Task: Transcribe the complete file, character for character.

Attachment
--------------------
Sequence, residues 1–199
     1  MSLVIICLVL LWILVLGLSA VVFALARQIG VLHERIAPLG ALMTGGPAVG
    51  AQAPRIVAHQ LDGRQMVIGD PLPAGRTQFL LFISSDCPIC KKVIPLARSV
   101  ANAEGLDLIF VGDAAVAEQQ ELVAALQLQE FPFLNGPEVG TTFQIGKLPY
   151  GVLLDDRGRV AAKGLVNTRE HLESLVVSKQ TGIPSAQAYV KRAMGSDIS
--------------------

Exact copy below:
Sequence, residues 1–199
     1  MSLVIICLVL LWILVLGLSA VVFALARQIG VLHERIAPLG ALMTGGPAVG
    51  AQAPRIVAHQ LDGRQMVIGD PLPAGRTQFL LFISSDCPIC KKVIPLARSV
   101  ANAEGLDLIF VGDAAVAEQQ ELVAALQLQE FPFLNGPEVG TTFQIGKLPY
   151  GVLLDDRGRV AAKGLVNTRE HLESLVVSKQ TGIPSAQAYV KRAMGSDIS